Fatigue and lack of sleep while driving an 18 wheel tractor-trailer rig can cause accidents and deaths on the highways. Under the existing rules that govern trucking companies, these companies can compel their drivers to drive up to 11 hours in a 21 hour time period. Drivers are allowed to drive up to 88 hours in an 8 day period. Whereas most people work a 40 hour week, current rules governing truck drivers allow them to cram more than 2 weeks of work (driving) in slightly over 1 week. This inevitably results in truck drivers driving for very long periods without adequate time off to rest. That, in turn, can lead to fatigue and other symptoms caused by sleep deprivation. 65% of truck drivers have reported feeling tired or drowsy while driving. Astonishingly, 48% of truck drivers have reported that they have fallen asleep while operating an 18 wheeler. The legal weight for an 18 wheeler is 80,000 (40 tons). By comparison, the average weight of an automobile is slightly over 5,000 pounds. One can imagine the devastation that can result when an 18 wheeler weighing 80,000 pounds and being driven by a sleepy driver collides with an automobile weighing 5,000 pounds.
Recently, the Federal Motor Carrier Safety Administration has proposed changing the rules by reducing the number of hours that truck drivers are allowed by law to drive in 1 day, the so-called Hours of Service rules. The agency is recommending that maximum driving time be reduced from 11 hours to 10 hours a day. Other recommendations involve giving drivers a 1 hour break during each day by limiting their actual duty time from 14 to 13 hours. Drivers are already required to get 8 hours rest each day. Opponents of the proposed rule changes argue that the new rules will further complicate the trucking industry and add additional regulatory costs to an already overburdened U.S. Government. Proponents of the proposed rule changes argue that they will improve safety for all drivers on our highways.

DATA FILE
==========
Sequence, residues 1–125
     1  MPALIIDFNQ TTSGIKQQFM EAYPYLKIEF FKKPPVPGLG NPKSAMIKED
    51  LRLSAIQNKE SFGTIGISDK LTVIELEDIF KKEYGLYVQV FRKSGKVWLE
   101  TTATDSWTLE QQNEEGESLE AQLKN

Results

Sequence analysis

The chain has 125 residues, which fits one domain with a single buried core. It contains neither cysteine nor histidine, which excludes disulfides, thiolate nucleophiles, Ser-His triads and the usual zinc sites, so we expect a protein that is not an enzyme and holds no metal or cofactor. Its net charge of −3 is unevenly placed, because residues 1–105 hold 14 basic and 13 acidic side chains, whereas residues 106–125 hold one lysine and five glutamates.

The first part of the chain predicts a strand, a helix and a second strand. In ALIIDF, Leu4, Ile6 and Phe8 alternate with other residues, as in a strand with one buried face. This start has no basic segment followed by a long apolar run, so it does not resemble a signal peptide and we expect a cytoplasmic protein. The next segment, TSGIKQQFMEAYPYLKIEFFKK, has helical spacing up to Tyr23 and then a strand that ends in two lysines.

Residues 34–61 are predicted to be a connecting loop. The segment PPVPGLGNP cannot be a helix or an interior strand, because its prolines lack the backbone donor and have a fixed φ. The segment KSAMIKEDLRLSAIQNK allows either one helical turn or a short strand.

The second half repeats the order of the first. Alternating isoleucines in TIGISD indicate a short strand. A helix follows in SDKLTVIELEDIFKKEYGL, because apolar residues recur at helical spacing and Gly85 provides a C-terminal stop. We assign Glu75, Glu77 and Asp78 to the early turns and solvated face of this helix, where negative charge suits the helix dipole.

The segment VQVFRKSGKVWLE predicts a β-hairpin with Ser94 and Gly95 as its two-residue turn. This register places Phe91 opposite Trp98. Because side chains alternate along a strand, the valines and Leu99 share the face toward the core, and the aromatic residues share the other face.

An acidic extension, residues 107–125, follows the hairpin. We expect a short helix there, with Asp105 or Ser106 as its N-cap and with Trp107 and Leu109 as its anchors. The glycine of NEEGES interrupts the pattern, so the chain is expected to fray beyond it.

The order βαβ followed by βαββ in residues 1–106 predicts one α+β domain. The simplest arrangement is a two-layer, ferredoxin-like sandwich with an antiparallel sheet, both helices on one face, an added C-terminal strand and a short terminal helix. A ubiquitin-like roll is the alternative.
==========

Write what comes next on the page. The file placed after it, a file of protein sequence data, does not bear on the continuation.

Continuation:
As Georgia truck accident lawyers who have represented injured victims of tractor-trailer/automobile collisions and their family members, we encourage Congress to do everything possible to stop trucking companies from forcing drivers to drive extremely long hours with few breaks. Instead, these companies should encourage drivers to obtain adequate rest and sleep so that their drivers will be alert and in control while operating tractor-trailer rigs on our highways.
If you or someone you know has been injured in a trucking accident, contact the truck accident lawyers at Suthers & Thompson.